wed 18/09/2019

Autechre, Royal Festival Hall | reviews, news & interviews

Autechre, Royal Festival Hall

Autechre, Royal Festival Hall

How do the daddies of electronica deal with a concert hall?

'In an Autechre set, it's impossible to pick out individual tracks as such'

At the Royal Festival Hall the cliché seemed complete. Milling around were white men, white men and more white men – all in their late thirties and older, most looking a little bohemian and a lot geeky, with a few of them a little more hardcore in black bomber jackets, black jeans, black trainers and black baseball caps. These were London's electronica fanboys out in force for Autechre, the duo who, second only to The Aphex Twin, epitomised the moment the rave generation went weird and disjointed, and since the mid-Nineties have explored all the sonic abstractions that technology has to offer.

As we got to the bar, and then to our seats, it became thankfully clear that the crowd wasn't quite as homogeneous as the swarms outside had suggested. OK, it's unlikely that women made up more than 20 percent of the audience, and it was certainly still overwhelmingly Caucasian, but at least there was a little more variation than we'd thought. In the hall, Andy Maddocks was DJing: an old associate of Autechre's from the north-west, and the man behind the Skam record label, he played a lot of beats that sounded a lot like familiar club rhythms, yet were surrounded by infinitely complex and sophisticated tones and textures.

Then Russell Haswell (pictured right) came on stage. The Midlander, who looks like a heavy metaller, has had a long relationship with the electronica and techno world, but has never had any truck with overt sophistication: he is all about making a racket, and so it proved last night. Drinking champagne from the bottle, and making pronouncements between tracks without a microphone, seemingly aimed to a bunch of mates at the back of the hall, he wrenched squeals, roars and staggered drum machine patterns from a synthesiser bank. He made a point of making up track titles as he went along - “This one's called Stochastic Jazz Funk!” he yelled before wrenching out a track that sounded exactly like the one before – and reminded us that this was the 29th gig in 29 nights of this tour.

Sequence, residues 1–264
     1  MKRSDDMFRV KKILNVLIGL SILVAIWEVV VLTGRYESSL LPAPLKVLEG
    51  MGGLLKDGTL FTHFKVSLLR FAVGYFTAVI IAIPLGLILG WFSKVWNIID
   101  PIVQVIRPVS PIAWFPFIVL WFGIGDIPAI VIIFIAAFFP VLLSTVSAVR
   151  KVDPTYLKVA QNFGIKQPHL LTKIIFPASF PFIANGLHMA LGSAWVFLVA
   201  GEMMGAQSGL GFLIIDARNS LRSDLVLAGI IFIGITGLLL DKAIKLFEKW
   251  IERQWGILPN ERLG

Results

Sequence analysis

But actually his music was extraordinary. Whether it was the track he called “Constitutional” which sounded like a superhuman-sized lorry dealing with a case of diarrhoea while being pestered by a flying trombone, or “I Fucking Hate All That Shit We See All the Time Every Fucking Day” which consisted of about 20 seconds of screeching horror, there was an incredible amount of variation and surprise in his belligerent sounds. The disco lights and smoke machines all seemed very silly next to his racket, but it was a splendid racket. It was certainly a great psychic palate-cleanser before 20 more minutes of Maddocks, and then Autechre.

When the duo came on, the lights went off, leaving us in as close to pitch darkness as the venue could manage, bar a couple of exit signs and blinking lights on the lighting rig above, and all reference points were jettisoned. Autechre's “thing” is to use the available processing power of modern computing more efficiently than anyone else in generating sounds, and it's clear that they haven't stopped doing this. Their latest release, the four-hour Elseq 1-5, goes from tectonic roaring to sidereal drift as easily as most acts change from one chord to another, and given a stupendous soundsystem and a pitch-dark concert hall, they were determined to push further.

In an Autechre set, it's impossible to pick out individual tracks as such: their digital systems generate new patterns, and how they relate to what they've put out on record is never quite clear. What became clear in this set is that they've really bridged the gap between what sounds “digital” and what sounds “acoustic”. The scrubbed strings of violins and the manipulated innards of grand pianos were repeatedly evoked, but each time the sounds would spread out or collapse in on themselves, turning into something that had no “real” reference point.

The set was disjointed: maybe, like Haswell, the duo were feeling the pressure of 29 solid dates travelling, playing and partying. But it never slipped into being nonsensical – however the sounds evolved, they felt stupendous in their scale, and there seemed to be an underlying logic to their unfolding. And when they came together around an early Nineties rave riff, or a hyper-dramatic set of pipe-organ chords, or a blissful ambient dub finale, they turned into something that nobody else can do.

In the total darkness, each sound could demonstrate its endless complexity, like an audio firework in a night sky, exploding into further explosions – but these were fireworks that spoke to one another, that constantly resolved back into comprehensible patterns even as they dissipated. It was music of seemingly impossible complexity that, at its best, just felt natural and right. When it stopped meandering and reached those best moments the set was better than transporting: it kept us exactly where we were, but provided a demonstration of just how much our brains were capable of taking in at once. For once, it felt like middle-aged white man culture actually had something unique, new, and of serious value to offer.

The sounds would spread out or collapse in on themselves, turning into something that had no “real” reference point

rating

Editor Rating: 
4
Average: 4 (1 vote)

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Comments

I can't even read a review of a concert without being insulted for being a white male. Fuck off.

Lol. Yeah, it's been a tough past few hundred years, hasn't it?

Why are you insulted? White, black, brown and other people like Autechre.

I'm brown and im indifferent to their music. Nah, Im kidding. I think they're boss!

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